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Let $\sum a_n$ be a series of positive real numbers, n going from 0 to $\infty$, such that the series DOES NOT converge. Let $\left\{z_n\right\}$, $n\geq 0$ be a sequence of complex numbers. Form an associated sequence $\left\{w_n\right\}$ where $$ w_n = \frac{\sum_{l=0}^n a_l z_l}{\sum_{l=0}^n a_l} $$ Then prove that:

  1. if the sequence $\left\{z_n\right\}$ is convergent to some complex number $a$, then $w_n$ also converges to a.
  2. if $\left\{z_n\right\}$ is a real sequence and $lim_{n\to\infty} z_n = +\infty$, then $lim_{n\to\infty} w_n = +\infty$, as well.

Sorry for the awkward typing. Please ask for any clarifications. Thanks a lot.

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  • $\begingroup$ The usual epsilon-delta approach works nicely here. What have you tried? $\endgroup$ – Did Feb 20 '14 at 8:52
  • $\begingroup$ I couldn't start the question. $\endgroup$ – user130113 Feb 20 '14 at 8:59
  • $\begingroup$ Have you solved any other exercise using the epsilon-delta approach? $\endgroup$ – Did Feb 20 '14 at 9:01
  • $\begingroup$ Nope. Could you please guide me through the proof? I am really new with this stuff and still learning. $\endgroup$ – user130113 Feb 20 '14 at 9:04
  • $\begingroup$ Try the theorem of Cesaro-Stolz, the discrete version of l'Hopitals rule. $\endgroup$ – LutzL Feb 20 '14 at 9:07
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Without invoking Cesaro-Stolz, "epsilon-delta" argument:

Suppose $z_n \to a$. Let $S_n = \sum_{k=0}^n a_k$. We have $$ \left|w_n - a\right|=\left|\frac{\sum_{k=0}^n a_k \left|z_k - a\right|}{\sum_{k=0}^n a_k}\right|\leq \frac{1}{S_n}\sum_{k=0}^n a_k \left|z_k - a\right| $$ Fix $\varepsilon > 0$. Since $z_k\to a$, there is $N$ such that for $n>N$ we have $\left|z_n - a\right|<\varepsilon/2$. Now,

$$ \left|w_n-a\right|\leq \frac{1}{S_n}\sum_{k=0}^N a_k \left|z_k - a\right|+ \frac{1}{S_n}\sum_{k=N+1}^n a_k \left|z_k - a\right| $$

But $S_n\to\infty$ by assumption (positive terms, does not converge), so the first part tends to $0$ (sum remains fixed). And $$ \frac{1}{S_n}\sum_{k=N+1}^n a_k \left|z_k - a\right|< \frac{1}{S_n}\sum_{k=N+1}^n a_k \frac{\varepsilon}{2}= \frac{\varepsilon}{2S_n}\sum_{k=N+1}^n a_k $$

Now, $$ \sum_{k=N+1}^n a_k = \sum_{k=N+1}^n a_k + \sum_{k=0}^N a_k - \sum_{k=0}^N a_k = \sum_{k=0}^n a_k - \sum_{k=0}^N a_k = S_n - S_N $$ and so $$ \frac{1}{S_n}\sum_{k=N+1}^n a_k=\frac{S_n - S_N}{S_n}=1-\frac{S_N}{S_n}<1 $$ therefore $$ \frac{\varepsilon}{2S_n}\sum_{k=N+1}^n a_k<\frac{\varepsilon}{2} $$ Hence, for large enough $n$, $\left|w_n-a\right|<\varepsilon$.

Suppose now $z_n\to+\infty$. Fix $M > 0$. From some point, $z_n > M + 1$. Similar argument shows, that part of sum before that point can be neglected (bounded in absolute value by $\varepsilon$), and after that it's big enough to guarantee that limit is greater than $M$:

$$ \frac{1}{S_n}\left|\sum_{k=0}^N a_k z_k\right|\to 0 $$ as $n\to \infty$, since $N$ remains fixed, and $S_n\to\infty$. For large enough $n$ it is thus bounded by $\varepsilon$. $$ \frac{1}{S_n}\sum_{k=N+1}^n a_k z_k \geq \frac{1}{S_n}\sum_{k=N+1}^n a_k (M+1)=\frac{S_n - S_N}{S_n}(M+1)>M+\varepsilon $$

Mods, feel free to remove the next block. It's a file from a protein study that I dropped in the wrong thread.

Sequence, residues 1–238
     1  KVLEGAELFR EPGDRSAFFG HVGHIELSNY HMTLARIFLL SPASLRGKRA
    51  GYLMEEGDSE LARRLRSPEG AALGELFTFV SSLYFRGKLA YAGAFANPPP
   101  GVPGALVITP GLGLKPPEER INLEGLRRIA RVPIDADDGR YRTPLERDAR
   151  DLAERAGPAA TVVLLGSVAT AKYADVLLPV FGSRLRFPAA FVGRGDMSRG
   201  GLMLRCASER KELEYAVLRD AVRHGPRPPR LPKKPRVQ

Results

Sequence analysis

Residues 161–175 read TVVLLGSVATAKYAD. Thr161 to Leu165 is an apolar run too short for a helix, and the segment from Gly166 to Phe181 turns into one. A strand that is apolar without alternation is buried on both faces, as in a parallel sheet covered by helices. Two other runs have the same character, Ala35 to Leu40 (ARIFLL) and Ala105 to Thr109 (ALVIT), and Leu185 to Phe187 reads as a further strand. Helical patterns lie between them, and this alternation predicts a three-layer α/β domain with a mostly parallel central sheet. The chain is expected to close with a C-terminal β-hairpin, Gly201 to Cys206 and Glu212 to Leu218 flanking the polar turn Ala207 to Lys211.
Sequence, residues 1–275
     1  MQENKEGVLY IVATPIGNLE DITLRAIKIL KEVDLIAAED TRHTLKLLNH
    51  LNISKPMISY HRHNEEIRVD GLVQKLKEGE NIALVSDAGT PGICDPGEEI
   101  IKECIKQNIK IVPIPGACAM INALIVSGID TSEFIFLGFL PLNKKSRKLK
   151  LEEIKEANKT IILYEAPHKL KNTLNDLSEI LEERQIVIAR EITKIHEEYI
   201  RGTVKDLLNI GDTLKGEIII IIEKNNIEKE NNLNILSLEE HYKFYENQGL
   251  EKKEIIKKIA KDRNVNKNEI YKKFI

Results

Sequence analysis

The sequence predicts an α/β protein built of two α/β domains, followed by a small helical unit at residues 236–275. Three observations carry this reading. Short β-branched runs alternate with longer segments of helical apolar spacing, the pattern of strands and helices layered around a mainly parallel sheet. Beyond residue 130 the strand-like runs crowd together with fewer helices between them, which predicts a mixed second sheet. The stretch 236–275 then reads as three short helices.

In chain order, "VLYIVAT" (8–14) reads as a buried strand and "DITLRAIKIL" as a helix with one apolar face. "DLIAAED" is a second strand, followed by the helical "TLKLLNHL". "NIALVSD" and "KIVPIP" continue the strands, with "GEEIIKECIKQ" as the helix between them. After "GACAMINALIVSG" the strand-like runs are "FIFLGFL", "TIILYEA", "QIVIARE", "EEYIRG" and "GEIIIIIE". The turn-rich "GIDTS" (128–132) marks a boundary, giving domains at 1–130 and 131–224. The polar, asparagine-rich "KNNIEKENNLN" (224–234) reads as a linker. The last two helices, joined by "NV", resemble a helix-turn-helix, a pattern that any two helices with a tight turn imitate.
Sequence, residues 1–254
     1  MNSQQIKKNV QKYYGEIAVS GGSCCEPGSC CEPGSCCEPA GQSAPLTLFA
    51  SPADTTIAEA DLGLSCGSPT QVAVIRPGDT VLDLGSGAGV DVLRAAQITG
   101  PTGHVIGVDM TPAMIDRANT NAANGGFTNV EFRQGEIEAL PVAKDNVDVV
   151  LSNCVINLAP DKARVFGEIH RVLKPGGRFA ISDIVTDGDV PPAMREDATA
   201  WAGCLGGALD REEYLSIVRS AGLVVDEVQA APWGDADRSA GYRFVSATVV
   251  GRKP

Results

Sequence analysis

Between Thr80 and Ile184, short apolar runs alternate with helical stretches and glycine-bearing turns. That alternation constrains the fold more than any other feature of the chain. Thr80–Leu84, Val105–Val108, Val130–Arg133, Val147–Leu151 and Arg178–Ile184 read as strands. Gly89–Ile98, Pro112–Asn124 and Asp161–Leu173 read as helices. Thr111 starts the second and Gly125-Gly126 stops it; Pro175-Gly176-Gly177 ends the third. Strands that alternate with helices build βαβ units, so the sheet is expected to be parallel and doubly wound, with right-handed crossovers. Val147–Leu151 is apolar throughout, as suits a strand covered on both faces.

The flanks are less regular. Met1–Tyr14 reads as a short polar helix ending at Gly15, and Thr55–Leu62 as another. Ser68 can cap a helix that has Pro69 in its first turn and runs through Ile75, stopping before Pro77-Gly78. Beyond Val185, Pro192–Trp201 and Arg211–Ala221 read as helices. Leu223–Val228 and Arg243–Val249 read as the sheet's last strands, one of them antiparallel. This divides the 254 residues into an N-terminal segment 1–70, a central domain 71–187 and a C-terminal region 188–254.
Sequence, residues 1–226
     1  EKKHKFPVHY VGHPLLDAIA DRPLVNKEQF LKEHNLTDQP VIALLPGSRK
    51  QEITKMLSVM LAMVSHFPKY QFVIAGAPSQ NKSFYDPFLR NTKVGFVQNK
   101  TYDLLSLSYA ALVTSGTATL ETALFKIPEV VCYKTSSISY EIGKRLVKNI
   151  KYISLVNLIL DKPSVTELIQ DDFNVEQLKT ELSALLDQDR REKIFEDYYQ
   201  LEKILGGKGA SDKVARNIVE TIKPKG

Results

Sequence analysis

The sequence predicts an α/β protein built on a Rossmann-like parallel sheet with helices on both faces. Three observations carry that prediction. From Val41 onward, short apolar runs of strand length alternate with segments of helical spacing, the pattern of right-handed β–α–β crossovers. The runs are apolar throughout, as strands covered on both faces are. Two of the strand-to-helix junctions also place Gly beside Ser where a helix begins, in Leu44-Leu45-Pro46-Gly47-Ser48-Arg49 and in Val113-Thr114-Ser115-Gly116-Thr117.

eventually, since $S_N/S_n\to 0$. Finally,

$$ w_n=\frac{1}{S_n}\sum_{k=0}^n a_k z_k\geq \frac{1}{S_n}\sum_{k=N+1}^n a_k z_k-\frac{1}{S_n}\left|\sum_{k=0}^N a_k z_k\right|>M+\varepsilon-\varepsilon=M $$

Therefore, $w_n > M$ for large enough $n$.

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  • $\begingroup$ This looks great. Thanks a lot. $\endgroup$ – user130113 Feb 20 '14 at 17:24
  • $\begingroup$ Could you please explain why in the 3rd statement of equations, you said that ONLY the first part tends to zero and the second part doesn't? $\endgroup$ – user130113 Feb 21 '14 at 1:54
  • $\begingroup$ The first part is something constant divided by $S_n$, so it obviously tends to 0. The second part does as well, it's just less obvious. $\endgroup$ – Marcin Łoś Feb 21 '14 at 1:57
  • $\begingroup$ ok, so ∑ a_k |z_k - a| = ∑ a_k (e/2) = constant? How, can you please elaborate? Also, how did you get (S_n - S_N)/S_n? Sorry for so many questions. It just doesn't seem very obvious to me. $\endgroup$ – user130113 Feb 21 '14 at 2:08
  • $\begingroup$ I've edited the response to include more details. And I don't mind the questions - they help to improve the answer, after all. Some steps were/are sketchy, so it's no wonder they might require clarification. $\endgroup$ – Marcin Łoś Feb 21 '14 at 2:23
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By the theorem of Cesaro-Stolz, under the given assumptions and with any second series $\sum b_k$,

$\frac{\sum_{k=1}^nb_k}{\sum_{k=1}^na_k}$ converges to the limit of $\frac{b_n}{a_n}$,

if this second limit exists. In this case, with $b_n=a_nz_n$, the fraction reproduces the sequence $z_n=\frac{b_n}{a_n}$.

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